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You Have A Right To Representation At Bail Hearings.

Make Sure You’re Well-Defended.

Your bail hearing is the difference between going home – and staying in jail until your case is heard by the court.

Defend yourself from a year or more in jail with help from The Law Office of James E. Crawford, Jr. & Associates, LLC, where we make sure the commissioners and judges consider the whole story before ruling on your case.

How Does Bail Work In Maryland?

After someone is arrested for an alleged crime, they have the right to be seen by a Maryland court commissioner within 24 hours of the arrest. The commissioner looks at the case to see if they can be let go until the court date or need to be kept in jail.

Often minor criminal offenses – such as misdemeanors – are allowed to go free with a written notice of their court date. Those accused of more severe felony crimes are usually not released and must await their hearing before a commissioner.

It is the commissioner who decides whether to offer someone “bail.” Bail is an amount of money that the accused – or someone on behalf of the accused – pays the court in exchange for letting them out of jail until the court date.

The bail amount is usually established based on the accused previous criminal record (or lack thereof) and the crime that was alleged.

There are several different types of bail that a commissioner can allow, including:

  • Cash bail, where the accused or someone on their behalf pays the entire amount immediately;
  • Surety bail, where a bail bond agency or “bondsman” pays the bail in exchange for a fee from the defendant – often 10% of the total bail; and
  • Property bonds, where the accused or someone on their behalf puts up a piece of property equal to the value of the bail in exchange for their release until their court date.

The court keeps the bail for the duration of the accused’s trial. It’s basically collateral to ensure that the accused shows up for all required appearances, even if they’re freed from jail in the meantime.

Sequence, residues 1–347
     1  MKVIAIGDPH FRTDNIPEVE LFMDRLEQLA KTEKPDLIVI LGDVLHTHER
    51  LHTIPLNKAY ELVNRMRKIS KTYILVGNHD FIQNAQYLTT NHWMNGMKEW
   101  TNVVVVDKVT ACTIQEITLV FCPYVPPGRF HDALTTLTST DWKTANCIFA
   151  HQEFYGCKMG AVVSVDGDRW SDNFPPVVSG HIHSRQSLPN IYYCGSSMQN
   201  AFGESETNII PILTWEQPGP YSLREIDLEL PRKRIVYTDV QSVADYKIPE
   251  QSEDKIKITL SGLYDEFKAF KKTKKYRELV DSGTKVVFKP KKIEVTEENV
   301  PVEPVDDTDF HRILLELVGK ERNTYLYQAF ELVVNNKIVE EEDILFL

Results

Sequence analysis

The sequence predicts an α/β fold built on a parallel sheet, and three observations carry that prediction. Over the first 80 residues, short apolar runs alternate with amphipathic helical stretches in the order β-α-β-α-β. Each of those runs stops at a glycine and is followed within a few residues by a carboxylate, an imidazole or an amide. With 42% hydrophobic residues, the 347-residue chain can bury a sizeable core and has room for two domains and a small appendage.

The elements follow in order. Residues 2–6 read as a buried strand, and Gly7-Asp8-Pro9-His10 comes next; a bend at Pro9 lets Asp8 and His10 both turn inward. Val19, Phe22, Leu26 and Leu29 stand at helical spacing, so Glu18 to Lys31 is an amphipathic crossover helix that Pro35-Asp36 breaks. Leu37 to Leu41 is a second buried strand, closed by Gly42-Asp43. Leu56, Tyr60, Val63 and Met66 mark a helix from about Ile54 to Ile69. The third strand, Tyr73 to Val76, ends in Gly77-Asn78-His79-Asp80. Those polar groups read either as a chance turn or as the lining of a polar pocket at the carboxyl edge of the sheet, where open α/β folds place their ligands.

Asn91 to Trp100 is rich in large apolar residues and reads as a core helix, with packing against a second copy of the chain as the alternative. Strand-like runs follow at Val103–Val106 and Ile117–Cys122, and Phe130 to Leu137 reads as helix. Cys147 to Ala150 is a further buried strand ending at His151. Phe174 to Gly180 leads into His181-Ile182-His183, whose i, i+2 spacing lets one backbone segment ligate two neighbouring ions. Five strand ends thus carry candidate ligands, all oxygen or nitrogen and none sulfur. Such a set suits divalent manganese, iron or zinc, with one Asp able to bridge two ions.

Can Everyone Get Bail?

No, not everyone can get bail in Maryland.

There are many circumstances where a Maryland commissioner will deny bail or otherwise set too high a bail for the average defendant to pay – especially if their criminal defense attorney isn’t there to help the commissioner understand the full story and context of the charges.

Specifically, those accused of very serious felonies such as murder can find themselves unable to bail themselves out.

Those who the commissioner considers to be a “flight risk” may also have bail denied them.

For example, if a wealthy business owner with many international contacts is accused of embezzlement, then a commissioner may think that the accused can simply charter a plane to fly overseas to a country without an extradition treaty.

For a real-world example of flight risk, consider Ghislaine Maxwell, the defendant in a highly publicized federal child trafficking case. She was denied bail in July 2020 by a federal judge.

In her statement, the judge said Maxwell “had demonstrated a sophisticated ability to hide herself and obscure her financial resources.” These and other contradictions to the court made the judge rule that Maxwell “poses a substantial actual risk of flight” before trial.

Therefore, she remained in federal custody until her trial.

What Happens If Someone Is Denied Bail?

If the accused is denied bail or otherwise have too high a bail amount to pay, then they have the legal right to see a District Court judge, either later that day or the next. They will not be released until that occurs, unless they post bail in the (high) amount set by the commissioner.

Requesting for a District Court judge to overrule the commissioner’s set bail (or lack thereof) can be very risky to attempt without excellent criminal defense attorneys experienced in bail reviews.